Auckland Council's solution for the city's housing crisis has been running for four years but it still cannot say how many affordable homes have been built.
The council has set up more than 150 Special Housing Areas (SHAs) with the government, under the Housing Accord, in order to fast-track building tens of thousands of new homes.
Under the deal at least 10 percent of large developments have to have cheaper homes for first-home buyers on modest incomes.
But the council said it had no single system for monitoring exactly how many had been built and sold.
Building and Construction Minister Nick Smith said when the government owned the land it could determine prices but in private subdivisions it never had.
Its programme with the Auckland Housing Accord had been to unlock land to increase the supply of housing and that was succeeding, he said.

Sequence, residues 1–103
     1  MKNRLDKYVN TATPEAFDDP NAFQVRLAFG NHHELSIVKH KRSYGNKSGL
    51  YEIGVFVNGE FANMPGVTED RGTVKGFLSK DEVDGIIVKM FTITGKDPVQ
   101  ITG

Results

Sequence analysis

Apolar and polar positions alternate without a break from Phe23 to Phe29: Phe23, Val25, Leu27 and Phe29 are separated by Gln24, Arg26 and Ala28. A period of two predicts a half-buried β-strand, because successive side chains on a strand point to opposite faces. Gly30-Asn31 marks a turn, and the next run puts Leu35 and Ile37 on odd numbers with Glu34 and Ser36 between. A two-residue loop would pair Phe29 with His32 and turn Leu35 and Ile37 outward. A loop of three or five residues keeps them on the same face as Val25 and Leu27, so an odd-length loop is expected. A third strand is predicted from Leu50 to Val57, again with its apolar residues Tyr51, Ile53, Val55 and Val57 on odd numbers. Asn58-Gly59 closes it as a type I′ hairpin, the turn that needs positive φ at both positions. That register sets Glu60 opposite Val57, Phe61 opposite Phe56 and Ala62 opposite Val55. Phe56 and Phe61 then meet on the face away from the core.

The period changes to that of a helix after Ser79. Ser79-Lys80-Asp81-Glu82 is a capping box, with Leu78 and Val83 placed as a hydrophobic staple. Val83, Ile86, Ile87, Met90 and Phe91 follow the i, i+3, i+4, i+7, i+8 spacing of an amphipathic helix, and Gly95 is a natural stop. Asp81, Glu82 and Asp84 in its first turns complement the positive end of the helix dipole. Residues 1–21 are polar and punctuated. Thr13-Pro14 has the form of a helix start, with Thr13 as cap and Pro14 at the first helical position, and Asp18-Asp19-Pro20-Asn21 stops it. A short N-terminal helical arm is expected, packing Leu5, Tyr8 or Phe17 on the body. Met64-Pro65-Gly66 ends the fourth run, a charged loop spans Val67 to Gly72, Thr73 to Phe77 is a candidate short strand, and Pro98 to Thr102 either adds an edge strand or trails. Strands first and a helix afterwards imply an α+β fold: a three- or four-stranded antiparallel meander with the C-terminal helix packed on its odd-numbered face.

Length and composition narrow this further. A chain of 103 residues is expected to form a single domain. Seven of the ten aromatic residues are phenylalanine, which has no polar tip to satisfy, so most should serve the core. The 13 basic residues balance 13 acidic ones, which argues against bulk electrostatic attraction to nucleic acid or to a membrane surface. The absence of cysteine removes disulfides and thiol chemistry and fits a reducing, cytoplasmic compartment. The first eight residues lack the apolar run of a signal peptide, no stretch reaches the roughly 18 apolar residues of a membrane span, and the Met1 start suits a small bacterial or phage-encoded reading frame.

"We consented more houses in the month of May than in any year in 40 years."
Dr Smith said the government's position was that regulating house prices through the Resource Management Act was never going to succeed, and requirements for statutory declarations were dropped when the Unitary Plan superseded the accord in October, because the evidence was those mechanisms didn't work.
He pointed to the Massey Home Affordability Survey (PDF, 720KB), which showed some improvement in the level of average income required to service a mortgage in the city.
Listen to RNZ's housing reporter, Sharon Brettkelly, talk to Morning Report about the story.